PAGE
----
US 267655 A
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UNITED STATES PATENT OFFICE.
VILLIS C. VAJEN, OF INDIANAPOLIS, INDIANA, ASSIGNOR TO VAJEN .St NEW, OF SAME PLACE.
SPECIFICATION forming part of Letters Patent No. 26*7,655, dated November 14, 1882.
l Application filed November 10, 1881. (No model.) h
To atl whom 'it may concern:
Be it kno'wn that I, WILLIS C. VAJEN, ot' the city of Indianapolis,` county of Marion, and State of Indiana, have invented certain new and useful Improvements in Plumb-Bobs, of which the following is a specitication.
As is known by personswho use plumbbobs, they will settle or' become still much sooner and maintain their position much better when the point is attached to the heavy end. lnmost cases this advantage does not compensate for the disadvantage ot' being obliged to stoop to see the point of the bob; but where the point itself is used to make the mark, and does not necessarily have to be seen, the greater steadiness of the bob when the large end is down, and the point thus brought nearer the center of gravity, is of much irn- Millwrights have frequently to run a line of holes from the 'top to the bottom of the building through several doors. In such cases they attach the bob to ,the line, let it become still when within a few inches of the door through which the hole is to be bored, and then let it drop, when the point ofthe bob makesv the required mark in which to insert the point ot' the bit or auger.l In the old or common forms of plumb-bobs, unless the greatest care is taken in dropping the bob, the point is apt to waver or vary from the true line, and the result is thus rendered unsatisfactory. In my improved bob the common-form is retained for ordinary use, While by .simply transposing thepoint and cap the new form is produced for the use above described.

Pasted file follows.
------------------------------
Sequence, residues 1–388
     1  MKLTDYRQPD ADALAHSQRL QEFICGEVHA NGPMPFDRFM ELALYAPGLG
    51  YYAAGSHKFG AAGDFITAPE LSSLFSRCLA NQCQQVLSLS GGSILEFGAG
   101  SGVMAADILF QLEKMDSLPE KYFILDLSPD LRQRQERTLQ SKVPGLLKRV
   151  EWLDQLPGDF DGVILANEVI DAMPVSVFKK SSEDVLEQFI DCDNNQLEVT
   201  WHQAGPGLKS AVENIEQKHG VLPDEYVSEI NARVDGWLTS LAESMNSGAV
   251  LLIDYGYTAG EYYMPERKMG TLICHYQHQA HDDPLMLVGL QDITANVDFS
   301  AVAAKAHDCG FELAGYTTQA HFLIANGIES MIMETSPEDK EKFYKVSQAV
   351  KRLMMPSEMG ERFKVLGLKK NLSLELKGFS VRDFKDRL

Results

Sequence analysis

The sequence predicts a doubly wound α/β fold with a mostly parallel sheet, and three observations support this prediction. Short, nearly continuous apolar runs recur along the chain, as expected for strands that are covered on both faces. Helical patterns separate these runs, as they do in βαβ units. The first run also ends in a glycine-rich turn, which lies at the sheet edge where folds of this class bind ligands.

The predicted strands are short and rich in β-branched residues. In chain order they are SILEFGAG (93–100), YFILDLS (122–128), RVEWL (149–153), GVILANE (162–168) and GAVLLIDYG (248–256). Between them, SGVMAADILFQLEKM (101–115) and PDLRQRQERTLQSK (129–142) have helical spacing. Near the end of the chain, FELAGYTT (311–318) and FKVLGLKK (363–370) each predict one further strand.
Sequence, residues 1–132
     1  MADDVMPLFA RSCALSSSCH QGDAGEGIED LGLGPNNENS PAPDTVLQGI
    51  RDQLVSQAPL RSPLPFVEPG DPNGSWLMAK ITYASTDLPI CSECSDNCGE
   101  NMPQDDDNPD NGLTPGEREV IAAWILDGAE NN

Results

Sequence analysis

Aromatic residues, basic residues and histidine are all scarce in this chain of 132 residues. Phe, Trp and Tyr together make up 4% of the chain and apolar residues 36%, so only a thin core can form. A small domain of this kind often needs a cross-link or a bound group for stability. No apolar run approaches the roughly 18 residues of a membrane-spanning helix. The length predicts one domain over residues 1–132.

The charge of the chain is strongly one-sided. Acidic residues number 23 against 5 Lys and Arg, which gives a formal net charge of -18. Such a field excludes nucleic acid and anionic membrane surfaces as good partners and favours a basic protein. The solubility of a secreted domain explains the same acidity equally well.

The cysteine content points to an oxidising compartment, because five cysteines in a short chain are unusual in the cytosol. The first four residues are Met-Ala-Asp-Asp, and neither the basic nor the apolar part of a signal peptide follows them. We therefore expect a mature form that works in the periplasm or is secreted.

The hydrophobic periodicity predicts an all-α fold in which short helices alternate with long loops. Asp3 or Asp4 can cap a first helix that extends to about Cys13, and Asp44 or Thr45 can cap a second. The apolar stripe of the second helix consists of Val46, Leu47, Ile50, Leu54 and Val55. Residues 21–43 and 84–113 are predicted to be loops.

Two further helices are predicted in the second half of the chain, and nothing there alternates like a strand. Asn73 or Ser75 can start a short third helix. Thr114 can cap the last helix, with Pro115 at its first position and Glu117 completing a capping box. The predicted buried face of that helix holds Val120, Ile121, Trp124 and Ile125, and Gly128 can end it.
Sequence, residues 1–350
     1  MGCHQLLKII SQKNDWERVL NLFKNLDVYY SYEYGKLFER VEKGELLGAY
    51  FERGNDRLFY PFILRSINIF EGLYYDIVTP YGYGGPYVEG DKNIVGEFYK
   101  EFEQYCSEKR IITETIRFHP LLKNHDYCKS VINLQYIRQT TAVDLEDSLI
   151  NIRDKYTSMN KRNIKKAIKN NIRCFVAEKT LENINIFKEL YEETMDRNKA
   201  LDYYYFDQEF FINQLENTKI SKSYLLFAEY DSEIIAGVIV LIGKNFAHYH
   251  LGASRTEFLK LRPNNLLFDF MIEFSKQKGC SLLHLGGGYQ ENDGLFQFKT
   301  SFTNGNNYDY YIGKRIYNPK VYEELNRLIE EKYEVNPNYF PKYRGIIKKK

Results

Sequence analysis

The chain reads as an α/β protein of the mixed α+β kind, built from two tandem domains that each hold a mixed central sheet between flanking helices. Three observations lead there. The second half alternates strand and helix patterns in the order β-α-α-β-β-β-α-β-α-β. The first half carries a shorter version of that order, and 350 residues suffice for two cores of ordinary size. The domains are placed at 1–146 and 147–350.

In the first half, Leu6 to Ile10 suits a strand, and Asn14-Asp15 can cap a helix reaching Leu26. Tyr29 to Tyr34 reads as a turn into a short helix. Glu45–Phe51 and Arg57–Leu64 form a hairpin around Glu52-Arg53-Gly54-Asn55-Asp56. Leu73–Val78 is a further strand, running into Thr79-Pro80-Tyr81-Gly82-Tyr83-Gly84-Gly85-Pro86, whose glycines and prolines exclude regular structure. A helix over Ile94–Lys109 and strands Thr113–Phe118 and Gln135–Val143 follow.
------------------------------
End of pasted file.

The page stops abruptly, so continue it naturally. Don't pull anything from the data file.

My said invention therefore consists in a plumb-bob the point whereof can be attached to either end at pleasure. By extending the hole through or a considerable distance into the body, as shown, the point can also be reversed, and thus shielded when not in use.
Referring to the accompanying drawings, which are made a part hereof, and on which similar letters of reference indicate similar parts, Figure 1 is a side elevation of a plumb-i bob embodying my improvements; Fig. 2, a vertical section thereof; Figy, a section similar to Fig. 2, except that the point of the bob isinside the hole in the body thereof and is protected thereby; and Fig. 4, aview like Fig.
2, except that the ends of the bob are transposedor reversed.
ln said drawings, the portions marked Arepresent the body of the plumb-bob B,the point thereof; O, the cap thereto, and D the plumbline. Y
The body A is of similar form to ordinary bobs, except that a hole, a, extends either entirely through -it or a considerable distance into each end, the outer ends ot' which are preferably screw-threaded.
The point B has a collar, b, near its square end, and is screw-threaded on each side ot' said collar a suicient distance to securely hold it in place in the body of the bob. When it is desired to use the bob the pointed end of this point is turned outwardly, and the` square or blunt end is screwed into the hole c. When the bob is not in use the pointed end is screwed into the hole a, as shown in Fig. 3, which protects the point from becoming dulled in handling. When, as in the cases described, it is desired to have the heavy end ofthe bob down the positions of this point and the cap O are transposed, as is shown inFig. 4.
The cap O has a hole through the center to admit the plumb-line, as shown, and should have its screw-threaded portion of the same size as that upon the point B, so as to be interchangeable with said point when it is desired to transpose the ends of the bob.
In using the plumb-bob in places where there is a current of air it will also often be found advantageous to hang the large end down, as
either end of the body A, all substantially as shown and described, and for the purposes specitied.
In witness whereof I have hereunto set my hand and seal at Indianapolis, Indiana, this 7 th day 0f November, A. D. 1881.
WILLIS C. VAJEN.